10 June 2009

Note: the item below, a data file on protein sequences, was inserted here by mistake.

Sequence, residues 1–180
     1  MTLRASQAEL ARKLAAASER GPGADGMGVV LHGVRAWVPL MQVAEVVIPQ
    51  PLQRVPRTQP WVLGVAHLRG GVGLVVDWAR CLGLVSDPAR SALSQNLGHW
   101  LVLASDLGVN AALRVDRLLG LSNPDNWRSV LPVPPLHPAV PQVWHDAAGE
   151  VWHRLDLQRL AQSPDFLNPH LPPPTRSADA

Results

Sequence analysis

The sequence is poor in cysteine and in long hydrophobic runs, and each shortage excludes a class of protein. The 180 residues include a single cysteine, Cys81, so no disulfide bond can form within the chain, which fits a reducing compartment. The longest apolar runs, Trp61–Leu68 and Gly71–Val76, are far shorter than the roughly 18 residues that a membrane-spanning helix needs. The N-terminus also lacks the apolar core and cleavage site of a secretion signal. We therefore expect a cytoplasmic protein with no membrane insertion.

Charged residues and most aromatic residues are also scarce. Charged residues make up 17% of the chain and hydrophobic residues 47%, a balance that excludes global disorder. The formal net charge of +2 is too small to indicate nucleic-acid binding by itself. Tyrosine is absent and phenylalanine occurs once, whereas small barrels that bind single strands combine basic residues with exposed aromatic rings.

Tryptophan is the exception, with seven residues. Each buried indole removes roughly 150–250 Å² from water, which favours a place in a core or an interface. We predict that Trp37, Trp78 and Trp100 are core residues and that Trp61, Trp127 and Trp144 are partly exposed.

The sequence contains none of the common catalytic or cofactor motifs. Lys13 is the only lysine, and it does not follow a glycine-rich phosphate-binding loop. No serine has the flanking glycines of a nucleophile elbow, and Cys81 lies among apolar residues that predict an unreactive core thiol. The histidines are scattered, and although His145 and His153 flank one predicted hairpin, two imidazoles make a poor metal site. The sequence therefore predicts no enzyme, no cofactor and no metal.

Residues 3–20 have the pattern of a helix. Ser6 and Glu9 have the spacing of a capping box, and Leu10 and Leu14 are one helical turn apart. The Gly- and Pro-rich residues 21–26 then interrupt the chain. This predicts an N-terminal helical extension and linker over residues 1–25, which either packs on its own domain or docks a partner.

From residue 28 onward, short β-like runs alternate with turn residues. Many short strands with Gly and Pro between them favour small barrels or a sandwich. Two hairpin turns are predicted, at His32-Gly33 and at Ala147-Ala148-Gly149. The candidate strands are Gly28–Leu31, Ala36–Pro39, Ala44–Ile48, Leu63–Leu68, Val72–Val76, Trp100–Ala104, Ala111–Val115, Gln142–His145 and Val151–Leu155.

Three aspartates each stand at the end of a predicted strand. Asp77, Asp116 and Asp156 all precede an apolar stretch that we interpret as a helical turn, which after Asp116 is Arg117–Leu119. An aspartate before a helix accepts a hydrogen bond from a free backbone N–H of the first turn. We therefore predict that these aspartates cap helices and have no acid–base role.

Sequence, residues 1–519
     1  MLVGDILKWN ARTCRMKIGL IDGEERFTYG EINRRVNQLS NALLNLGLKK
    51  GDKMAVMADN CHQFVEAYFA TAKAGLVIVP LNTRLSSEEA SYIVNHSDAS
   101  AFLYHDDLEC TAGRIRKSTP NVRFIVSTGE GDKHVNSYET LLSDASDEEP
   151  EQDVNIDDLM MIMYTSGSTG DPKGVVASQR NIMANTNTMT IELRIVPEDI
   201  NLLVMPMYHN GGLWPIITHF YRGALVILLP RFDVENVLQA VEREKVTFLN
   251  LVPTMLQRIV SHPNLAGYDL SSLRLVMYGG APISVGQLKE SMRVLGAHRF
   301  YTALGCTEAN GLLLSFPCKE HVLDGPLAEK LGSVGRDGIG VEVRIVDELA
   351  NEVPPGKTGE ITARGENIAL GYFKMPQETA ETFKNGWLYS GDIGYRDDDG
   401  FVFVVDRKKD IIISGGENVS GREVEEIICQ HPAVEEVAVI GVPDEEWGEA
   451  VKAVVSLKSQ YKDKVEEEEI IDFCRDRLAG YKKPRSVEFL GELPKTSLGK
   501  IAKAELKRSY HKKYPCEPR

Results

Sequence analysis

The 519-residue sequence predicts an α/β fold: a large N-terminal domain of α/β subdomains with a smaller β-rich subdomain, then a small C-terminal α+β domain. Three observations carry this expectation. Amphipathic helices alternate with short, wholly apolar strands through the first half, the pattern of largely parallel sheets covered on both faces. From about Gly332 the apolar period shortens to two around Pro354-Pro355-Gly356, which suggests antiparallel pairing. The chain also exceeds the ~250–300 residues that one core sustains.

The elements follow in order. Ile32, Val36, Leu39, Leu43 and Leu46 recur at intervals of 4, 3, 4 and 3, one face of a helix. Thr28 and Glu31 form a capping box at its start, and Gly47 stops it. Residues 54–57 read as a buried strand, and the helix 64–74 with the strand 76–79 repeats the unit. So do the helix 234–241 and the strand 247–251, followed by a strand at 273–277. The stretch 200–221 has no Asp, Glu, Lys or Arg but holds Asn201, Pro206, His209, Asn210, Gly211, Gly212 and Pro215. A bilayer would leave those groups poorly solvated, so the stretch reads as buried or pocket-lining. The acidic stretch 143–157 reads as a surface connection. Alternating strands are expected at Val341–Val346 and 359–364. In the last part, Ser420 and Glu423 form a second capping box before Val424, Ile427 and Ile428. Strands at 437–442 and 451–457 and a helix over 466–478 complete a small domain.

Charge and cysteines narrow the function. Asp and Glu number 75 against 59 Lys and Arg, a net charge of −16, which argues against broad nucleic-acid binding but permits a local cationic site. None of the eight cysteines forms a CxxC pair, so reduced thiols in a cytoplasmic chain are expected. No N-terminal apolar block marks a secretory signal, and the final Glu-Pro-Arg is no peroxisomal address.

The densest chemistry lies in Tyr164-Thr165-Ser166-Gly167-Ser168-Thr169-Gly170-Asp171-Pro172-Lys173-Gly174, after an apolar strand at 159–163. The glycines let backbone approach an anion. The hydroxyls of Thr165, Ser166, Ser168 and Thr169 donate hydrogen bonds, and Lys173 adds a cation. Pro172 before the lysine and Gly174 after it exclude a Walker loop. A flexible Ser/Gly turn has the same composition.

We were at Melkote, about 40km from Mysore on the Bangalore-Mysore highway working on some travel stories, when we came across a small colony with a tradition of 100 years of weaving. There were about 18 houses in the colony and each house was furnished with at least one ancient handloom. I love the way one story leads to another. And i love the way our villages welcomes its guests. The artisans were more than delighted to tell us their stories. The Mysore Silk Board authorities provides them with raw silk yarn which these artists weave into beautiful handwoven sarees or dhotis. These products are then sold through 'Priyadharshini Handloom', a Government enterprise. For some inscrutable reason, i had always assumed that Mysore Silk meant handwoven silk. But of course, this isn't the case. My weaver friends tell me that most of the Mysore Silk Sarees are produced in the Mysore Silk Factory which is quickly eating up their livelihood. Narasimha Shetty (55) has been weaving Dhotis and Sarees for 40 years. He can weave a silk dhoti in two days. It will fetch him Rs.180/-. The market price for a pure silk dhoti being Rs. 1500/- and above. Weaving, is obviously a laborious task which seldom forgives a mistake made by a weaver. A flawed weave would mean paying up the cost of the raw silk. The powerloom on the other hand is more profitable, less labour intensive and the Government cared little about the poor weavers. The Silk Board authorities says that most of the production cost (of a pure silk garment) is acquired in the cost of the basic material itself. A standard roll of silk yarn (enough to weave 6m of saree) costs Rs. 1500/- and above. The beautiful Mysore silk sarees that women love to flaunt takes three to four days to weave in the handloom. The artisan gets Rs.350/- per saree which is then sold for Rs.3000/- and above in the market. According to the artisans, the texture is finer (as compared to those woven using the powerloom in the factories) and their designs remain true to their age old traditions. "Feel the texture... Dont you feel the softness on the skin? We are artists.. and these are our creations. " Venkataramana Shetty is 86 years old. He has been weaving ever since he was a boy. His 55 year old son is carrying on the tradition. But his grand children wants to work in the cities. His family tells me that he worries about his dying craft more than his health. Out of the eighteen houses in the colony, there wasn't a single home in which the next generation wanted to carry on weaving. I suppose the handloom industry would not cease to exist when the descendants of these artisans move away from the craft. But it is sad to think of an age old craft disappearing into oblivion from this beautiful village of Melkote.